• Sweat and dirt on coats
  • Condensation on underside of roof

Excess Moisture 

  • Increase the risk of bacteria and virus survival
  • Increase the risk of dirty water transmitting infection
  • Increase the requirement for bedding



Poor drainage leads to wetter beds which increase bedding requirements, can increase the risk of bacteria and virus survival, the calf will lose body heat to the environment resulting in energy being partitioned from growth to maintain body temperature.

How to avoid potential issues

Pen floor gradients need to be at least one-in-20 and one-in-10 below milk feeding area.


Good hygiene protocol should be implemented between every batch of calves. You need to ask yourself, how easy is it to clean the pens? Are they accessible for equipment to clean, and to bed?

Top tips for top accommodation

  • Make sure pens are dry bedding up and lime concrete areas
  • Control temperature
  • What is the ideal temperature in you calf shed?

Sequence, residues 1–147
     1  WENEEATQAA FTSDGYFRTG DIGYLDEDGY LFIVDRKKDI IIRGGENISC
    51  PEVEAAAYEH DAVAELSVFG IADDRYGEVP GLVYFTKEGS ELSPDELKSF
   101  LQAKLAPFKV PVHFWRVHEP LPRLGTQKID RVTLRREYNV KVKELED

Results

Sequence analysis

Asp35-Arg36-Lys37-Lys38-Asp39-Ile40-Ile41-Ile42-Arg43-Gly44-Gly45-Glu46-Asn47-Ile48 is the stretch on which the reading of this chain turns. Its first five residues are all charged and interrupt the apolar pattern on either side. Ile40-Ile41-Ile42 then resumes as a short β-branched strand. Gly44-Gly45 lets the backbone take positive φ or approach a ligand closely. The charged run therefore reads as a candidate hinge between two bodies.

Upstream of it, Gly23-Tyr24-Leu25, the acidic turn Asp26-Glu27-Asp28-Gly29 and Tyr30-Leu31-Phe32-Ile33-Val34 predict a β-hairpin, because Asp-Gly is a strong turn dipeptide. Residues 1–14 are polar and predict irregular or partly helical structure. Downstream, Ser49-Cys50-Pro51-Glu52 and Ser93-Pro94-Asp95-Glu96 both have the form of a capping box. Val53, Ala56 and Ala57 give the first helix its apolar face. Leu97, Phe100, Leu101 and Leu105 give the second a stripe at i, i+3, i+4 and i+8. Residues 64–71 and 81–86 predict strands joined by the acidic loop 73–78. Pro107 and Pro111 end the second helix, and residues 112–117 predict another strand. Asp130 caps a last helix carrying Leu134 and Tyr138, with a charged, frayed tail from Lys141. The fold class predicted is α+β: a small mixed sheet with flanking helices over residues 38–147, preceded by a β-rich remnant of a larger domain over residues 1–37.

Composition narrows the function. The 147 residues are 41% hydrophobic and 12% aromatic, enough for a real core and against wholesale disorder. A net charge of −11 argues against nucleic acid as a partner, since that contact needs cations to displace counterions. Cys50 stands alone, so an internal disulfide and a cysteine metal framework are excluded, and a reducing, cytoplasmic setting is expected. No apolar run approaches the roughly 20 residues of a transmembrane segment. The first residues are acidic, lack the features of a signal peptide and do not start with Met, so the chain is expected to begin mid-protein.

• No drafts – add gale breakers or space boarding
  • Well bedded
  • Prevent wind chill
  • Concrete panels pull heat from the calves; consider using straw bales along parameter of panels to prevent calves lying directly against these.

Top Tips for housing requirements

Individual calves

  • Allow 1.8m2 for calves up to eight weeks of age
  • All pens should have perforated walls allowing calves to have direct visual and tactile contact with other animals
  • No calf should be confined in an individual pen after eight weeks of age

Grouped calves

  • Allow 1.5m2 for calves up to a live-weight of 150kg.

Passage width

  • Two rows of pens – one on each side of a central passage (1.2m)
  • Single row of pens on one side of the passage (1m)

Trough frontage

  • Feeding space for individually fed calves – 350mm per calf



Computerised Calf Feeder ‘a great addition’ to Mayo farm

DSC01583-e1445251063537-1024x634The purchase of a Volac computerised calf feeder last February has been described as ‘a great addition to the farm’ by Mayo beef farmers Jarlath and Pat Heaney.

The father-and-son team, who farm in partnership, have a small suckling enterprise and also feed calves purchased from dairy farmers in the south, mainly Kerry.

They decided to increase the number of calves purchased this year.   As Pat combines his farm work with an off-farm job, they decided to purchase a computerised calf feeder to handle the extra calves.

Following consultation with Volac’s JP Harkin, they opted for a Volac Urban Quick feeder with the capacity to feed 100 calves at a time through three feed stations.  JP Harkin provided advice on modifying the layout of the existing calf shed in order to best accommodate the feeder.